My husband and by (limited) extension, the French, have the super-power to eat bread with everything. (I am sure he will say the same about me and my super-power to eat rice with everything.) When I say ‘everything’, I mean I have seen the man and his family happily sop up masala chicken gravy with their baguettes and be so content. It was trés bon all around. This definitely challenged some of my own hang-ups with food.
Additionally, an exception to the no-snacking would be when you are going for a boulangerie run. Well, confused?
So one of the first things I did in Paris was to go to a neighbourhood boulangerie to pick up viennoiseries and baguettes, as one does when in Paris. Good old days when I was on my expat approved a-croissant-a-day diet.
It was then that my husband cheekily performed a beloved ritual of the French: tearing off the end of a still-warm baguette and chomping on it on merrily while walking. This according to him, was an acceptable snacking ritual because clearly, it pays homage to the irresistibility of the bread to the French.
Breakfast in Bed is a Sacrilege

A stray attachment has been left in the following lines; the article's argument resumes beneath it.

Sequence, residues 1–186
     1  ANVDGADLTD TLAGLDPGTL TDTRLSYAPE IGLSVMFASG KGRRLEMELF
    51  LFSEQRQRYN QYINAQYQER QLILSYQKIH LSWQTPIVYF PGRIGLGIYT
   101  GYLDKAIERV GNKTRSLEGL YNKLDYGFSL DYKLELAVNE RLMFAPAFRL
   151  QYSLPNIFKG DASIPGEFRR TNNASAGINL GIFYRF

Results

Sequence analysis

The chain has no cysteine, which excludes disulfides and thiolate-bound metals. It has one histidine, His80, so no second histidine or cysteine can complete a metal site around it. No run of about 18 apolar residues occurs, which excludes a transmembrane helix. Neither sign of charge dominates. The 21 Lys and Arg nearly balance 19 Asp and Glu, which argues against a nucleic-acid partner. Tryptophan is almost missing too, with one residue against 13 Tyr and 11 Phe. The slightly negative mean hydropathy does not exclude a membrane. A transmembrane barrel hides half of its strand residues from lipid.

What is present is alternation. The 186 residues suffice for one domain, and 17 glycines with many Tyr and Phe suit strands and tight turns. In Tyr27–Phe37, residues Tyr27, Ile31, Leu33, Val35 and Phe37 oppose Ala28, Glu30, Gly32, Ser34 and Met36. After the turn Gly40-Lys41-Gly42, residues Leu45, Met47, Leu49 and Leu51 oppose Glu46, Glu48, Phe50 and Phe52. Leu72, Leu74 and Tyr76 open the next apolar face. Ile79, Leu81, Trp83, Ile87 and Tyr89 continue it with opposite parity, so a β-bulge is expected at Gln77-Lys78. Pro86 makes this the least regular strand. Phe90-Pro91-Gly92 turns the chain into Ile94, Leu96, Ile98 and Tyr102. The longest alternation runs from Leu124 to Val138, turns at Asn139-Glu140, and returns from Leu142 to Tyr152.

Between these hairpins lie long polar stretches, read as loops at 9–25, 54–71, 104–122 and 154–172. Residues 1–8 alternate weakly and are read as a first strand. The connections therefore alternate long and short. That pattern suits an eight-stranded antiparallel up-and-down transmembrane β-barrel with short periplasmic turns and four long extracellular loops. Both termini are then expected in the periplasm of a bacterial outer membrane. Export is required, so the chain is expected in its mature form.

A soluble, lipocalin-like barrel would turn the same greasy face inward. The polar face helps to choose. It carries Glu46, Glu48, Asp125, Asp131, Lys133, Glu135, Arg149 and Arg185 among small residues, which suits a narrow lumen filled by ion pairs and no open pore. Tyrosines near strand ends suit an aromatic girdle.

Eating in bed is probably the easiest way to get a rise out of my husband. This is saying a lot because he is honestly the most chipper and patient guy I know. But even suggesting eating anywhere near the bed can get his anxiety meter hitting the roof. He says it is the thought of crumbs in the bedsheet. I suspect it is more a cultural conditioning thing.
For my husband, there is no romantic association with the phrase”breakfast in bed”. Just sheer horror at the seeing the edges of the world collapse.
Okay, I am clearly being a tad bit dramatic but I’m not too far from the truth. Eating in France, as I said, is a ritualised activity. Eating where you sleep, is a psychological barrier which he is not prepared to cross even if I promise there will be no crumbs.
Although I have come to appreciate this in due time, every now and then the stars align with the next day being laundry day and my husband being away, I tuck into bed with a bowl of popcorn and watch Netflix, just for old time’s sake, when I was a spinster and eating in bed was but another way to enjoy a slow hungover weekend.
These differences in food ritual are of course realised and experienced even in couples belonging to similar cultures, but they can become even more apparent in relationships between people belonging to markedly different cultures. While these have been fun for us to explore, it is easy to see how food preferences and habits, can become reasons for conflict within any kind of inter-cultural dining.
If you enjoyed reading about French food rituals, read the
Why are croissants so popular? A croissant lover’s over-the-top explanation.